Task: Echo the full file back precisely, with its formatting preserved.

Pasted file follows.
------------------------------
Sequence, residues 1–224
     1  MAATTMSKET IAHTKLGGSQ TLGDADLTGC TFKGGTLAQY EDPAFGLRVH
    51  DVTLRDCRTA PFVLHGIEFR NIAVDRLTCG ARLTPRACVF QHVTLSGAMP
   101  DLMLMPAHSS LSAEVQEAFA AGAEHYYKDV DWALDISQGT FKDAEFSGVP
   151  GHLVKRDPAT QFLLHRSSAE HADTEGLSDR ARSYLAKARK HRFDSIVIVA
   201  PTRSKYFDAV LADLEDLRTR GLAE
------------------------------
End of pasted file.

Sequence, residues 1–224
     1  MAATTMSKET IAHTKLGGSQ TLGDADLTGC TFKGGTLAQY EDPAFGLRVH
    51  DVTLRDCRTA PFVLHGIEFR NIAVDRLTCG ARLTPRACVF QHVTLSGAMP
   101  DLMLMPAHSS LSAEVQEAFA AGAEHYYKDV DWALDISQGT FKDAEFSGVP
   151  GHLVKRDPAT QFLLHRSSAE HADTEGLSDR ARSYLAKARK HRFDSIVIVA
   201  PTRSKYFDAV LADLEDLRTR GLAE